Vatican City: The Papal Guard swears in 30 new recruits

Source: FSSPX News

Every year on May 6 the new recruits of the Pontifical Swiss Guard solemnly take an oath on the anniversary of the “Sack of Rome” by the troops of the Emperor Charles V, on May 6, 1527, which cost the lives of 147 Swiss guards of the Supreme Pontiff Clement VII.  This year, in the presence of their families and members of the hierarchy, the diplomatic corps and military attachés, the ambassador of the Swiss Confederation to the Holy See and a delegation of the government of the Canton of Schwytz, 30 recruits officially joined this prestigious corps.

Abp. Giovanni Angelo Becciu, substitute of the Secretariat of State, recalled that the Pontifical Swiss Guard has existed officially for 508 years and recommended to the new papal guards:  “Since May is the month of Mary, place the beginning of your service under the protection of the Virgin Mary.”  The official birth of the Pontifical Swiss Guard took place on January 22, 1506 when, at sunset, a group of one hundred fifty Swiss men, under the command of Captain Kaspar von Silenen, from the Canton of Uri, entered the Vatican for the first time, through the Porta del Popolo, and received the blessing of Pope Julius II.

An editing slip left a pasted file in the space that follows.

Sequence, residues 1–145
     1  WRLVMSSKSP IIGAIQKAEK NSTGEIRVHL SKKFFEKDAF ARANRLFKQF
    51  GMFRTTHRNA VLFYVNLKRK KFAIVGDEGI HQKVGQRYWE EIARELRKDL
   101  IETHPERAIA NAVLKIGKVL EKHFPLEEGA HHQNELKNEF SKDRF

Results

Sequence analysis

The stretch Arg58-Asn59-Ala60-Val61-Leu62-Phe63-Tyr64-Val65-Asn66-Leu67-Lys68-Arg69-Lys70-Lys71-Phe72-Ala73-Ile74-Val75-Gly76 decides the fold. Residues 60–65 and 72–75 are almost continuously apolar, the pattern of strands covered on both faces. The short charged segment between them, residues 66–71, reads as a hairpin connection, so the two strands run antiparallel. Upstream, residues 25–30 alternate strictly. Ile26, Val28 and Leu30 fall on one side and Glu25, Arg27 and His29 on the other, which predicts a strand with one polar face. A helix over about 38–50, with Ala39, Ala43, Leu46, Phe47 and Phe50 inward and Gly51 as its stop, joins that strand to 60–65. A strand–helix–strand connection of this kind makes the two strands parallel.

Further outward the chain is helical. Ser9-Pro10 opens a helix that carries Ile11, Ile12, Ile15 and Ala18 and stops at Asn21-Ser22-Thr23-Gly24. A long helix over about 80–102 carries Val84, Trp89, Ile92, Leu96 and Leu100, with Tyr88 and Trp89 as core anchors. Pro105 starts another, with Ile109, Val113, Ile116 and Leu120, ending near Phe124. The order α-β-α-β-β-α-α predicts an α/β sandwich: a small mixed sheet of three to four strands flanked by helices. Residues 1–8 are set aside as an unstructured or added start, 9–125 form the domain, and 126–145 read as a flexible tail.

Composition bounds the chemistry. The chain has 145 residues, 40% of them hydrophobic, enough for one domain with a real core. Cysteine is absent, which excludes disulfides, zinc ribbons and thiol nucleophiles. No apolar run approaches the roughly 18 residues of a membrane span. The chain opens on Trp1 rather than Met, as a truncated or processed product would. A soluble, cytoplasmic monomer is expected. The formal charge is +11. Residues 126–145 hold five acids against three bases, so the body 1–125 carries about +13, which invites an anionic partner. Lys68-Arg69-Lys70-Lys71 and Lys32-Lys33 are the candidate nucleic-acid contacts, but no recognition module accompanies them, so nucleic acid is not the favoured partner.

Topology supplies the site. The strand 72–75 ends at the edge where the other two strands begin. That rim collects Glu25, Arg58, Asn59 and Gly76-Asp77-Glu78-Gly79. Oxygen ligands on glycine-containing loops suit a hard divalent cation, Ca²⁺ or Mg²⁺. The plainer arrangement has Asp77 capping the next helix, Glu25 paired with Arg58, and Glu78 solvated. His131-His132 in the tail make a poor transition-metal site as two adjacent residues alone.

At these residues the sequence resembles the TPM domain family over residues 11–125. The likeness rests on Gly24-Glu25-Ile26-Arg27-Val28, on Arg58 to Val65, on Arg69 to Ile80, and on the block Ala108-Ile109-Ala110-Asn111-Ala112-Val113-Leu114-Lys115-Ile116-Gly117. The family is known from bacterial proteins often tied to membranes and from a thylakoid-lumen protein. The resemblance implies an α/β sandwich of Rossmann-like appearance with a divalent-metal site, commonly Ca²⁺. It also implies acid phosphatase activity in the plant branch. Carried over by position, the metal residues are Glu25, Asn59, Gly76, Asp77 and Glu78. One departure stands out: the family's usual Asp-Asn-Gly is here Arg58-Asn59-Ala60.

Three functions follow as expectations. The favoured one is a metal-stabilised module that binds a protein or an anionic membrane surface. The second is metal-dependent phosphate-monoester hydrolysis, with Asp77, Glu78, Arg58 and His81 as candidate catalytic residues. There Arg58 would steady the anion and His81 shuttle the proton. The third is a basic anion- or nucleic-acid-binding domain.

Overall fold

Today the cape worn by the Swiss guards is a very dark blue, worn with a black beret.  On special occasions, and therefore as ceremonial garb, the officers used to wear over their short doublet a knee-length doublet.  So they are depicted by Kaspar Röist in the crucifixion scene at Saint Mary’s Chapel in the Teutonic Cemetery.  The material used was generally wool:  Clement IX (1667-1669) granted to the Conservatory for “beggar girls”, where they wove woolen cloth, exclusive rights to provide the material with which to clothe the Guard.  The Renaissance not only lightened the uniform but also enriched it with brilliant colors:  with Leo X, the Swiss Guard added red to the yellow and blue of the della Rovere family, thus forming the colors of the Medicis.  The famous blue-yellow-and-red uniform of the Swiss Guards was created a hundred years ago.  The artist, commissioned by Commander Jules Repond to design it in 1914, was inspired by frescoes by Raphael depicting lanzichenecchi, or Landesknechte [German mercenaries].

The dress uniform also includes a two-pointed cap adorned with a red plume called a morion, a forged breast-plate, a ruff and white gloves.  The traditional arms are the pike or halberd and the sword.

(Sources: apic/VIS/vatican.va – DICI no. 297 dated June 6, 2014)

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